Author: Yang, Lillian
This thesis explores the use of telepresence robots as a communication tool for long distance relationships. While communication between partners can be nuanced and varied, current remote communication tools are limited in the aspects of communication that are supported. The lack of an embodiment creates challenges for maintaining relationships over distance because communication becomes limited to audiovisual interactions. The telepresence robot provides an embodiment through which long distance partners can interact, opening up unique opportunities for engagement. This work explores how real world couples utilize telepresence robots to interact over distance and considers how the findings translate to design implications and considerations. This thesis presents the following three studies in a cumulative format. The first study looks at how telepresence robots are used by long distance couples in the home space. This exploratory field study utilized interviews to collect data while minimizing intrusiveness in the home space. The second study compares the use of telepresence robots versus tablets for the joint activity of shopping as long distance couples. This between-groups study used data from observations and interviews. The third study explores the use of a telepresence robot when paired with voice-controlled devices in a home shared over distance. This autobiographical study collected daily diaries, interviews, and photo/video materials for data. This collection of studies contributes early insights on the use of telepresence robots by long distance couples to support their uniquely demanding communication needs. My findings show that couples use telepresence robots during evening and weekends to spend time together, with the freedom to move around independently. The telepresence robot supports the sense of a shared home and lets partners participate in everyday life. Movement supports not only independence, but also displays of personality and playfulness. This work also underscores the limitations of an appendage-free design, which constrains helpful acts and joint activities. I include a chapter on design considerations before the conclusion chapter. There I discuss the importance of supporting a sense of belonging and ownership in the shared home home space, and a sense of joint participation and variety in activities.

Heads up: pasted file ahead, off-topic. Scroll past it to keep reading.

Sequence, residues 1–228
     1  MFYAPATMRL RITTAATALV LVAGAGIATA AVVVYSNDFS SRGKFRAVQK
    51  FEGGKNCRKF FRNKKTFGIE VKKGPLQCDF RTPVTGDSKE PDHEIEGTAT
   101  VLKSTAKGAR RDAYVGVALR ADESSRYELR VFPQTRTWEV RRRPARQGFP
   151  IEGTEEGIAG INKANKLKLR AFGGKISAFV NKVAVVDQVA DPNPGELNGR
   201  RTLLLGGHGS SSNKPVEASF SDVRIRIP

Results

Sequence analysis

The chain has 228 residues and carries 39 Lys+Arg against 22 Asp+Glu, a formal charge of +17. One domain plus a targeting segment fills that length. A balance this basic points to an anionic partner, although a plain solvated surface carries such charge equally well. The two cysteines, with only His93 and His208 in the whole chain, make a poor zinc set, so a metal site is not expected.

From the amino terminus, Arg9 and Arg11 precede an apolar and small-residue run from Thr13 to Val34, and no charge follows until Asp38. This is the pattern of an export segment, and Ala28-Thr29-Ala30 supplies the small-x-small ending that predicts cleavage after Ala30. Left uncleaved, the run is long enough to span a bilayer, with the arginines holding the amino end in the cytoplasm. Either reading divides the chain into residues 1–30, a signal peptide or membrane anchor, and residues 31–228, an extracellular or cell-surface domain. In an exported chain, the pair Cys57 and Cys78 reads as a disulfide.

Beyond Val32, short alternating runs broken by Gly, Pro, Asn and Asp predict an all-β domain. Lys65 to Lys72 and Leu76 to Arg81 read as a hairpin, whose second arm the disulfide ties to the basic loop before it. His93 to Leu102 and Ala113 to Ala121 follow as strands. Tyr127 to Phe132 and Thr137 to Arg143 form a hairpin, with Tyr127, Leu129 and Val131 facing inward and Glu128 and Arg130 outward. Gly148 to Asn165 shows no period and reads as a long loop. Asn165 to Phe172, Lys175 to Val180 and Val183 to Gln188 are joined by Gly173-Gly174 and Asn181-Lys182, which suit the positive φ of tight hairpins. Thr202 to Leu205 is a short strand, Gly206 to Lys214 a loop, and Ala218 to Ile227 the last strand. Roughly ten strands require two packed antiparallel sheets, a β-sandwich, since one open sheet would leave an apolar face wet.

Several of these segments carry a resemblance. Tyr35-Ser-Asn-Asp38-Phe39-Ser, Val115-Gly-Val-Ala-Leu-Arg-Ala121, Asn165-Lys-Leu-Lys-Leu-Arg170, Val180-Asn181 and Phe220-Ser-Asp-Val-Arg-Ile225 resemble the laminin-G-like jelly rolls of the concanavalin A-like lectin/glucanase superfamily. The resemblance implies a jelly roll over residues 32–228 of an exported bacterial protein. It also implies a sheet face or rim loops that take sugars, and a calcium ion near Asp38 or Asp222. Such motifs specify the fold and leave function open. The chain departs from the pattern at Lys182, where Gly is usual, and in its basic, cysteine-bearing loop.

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Thesis advisor: Neustaedter, Carman
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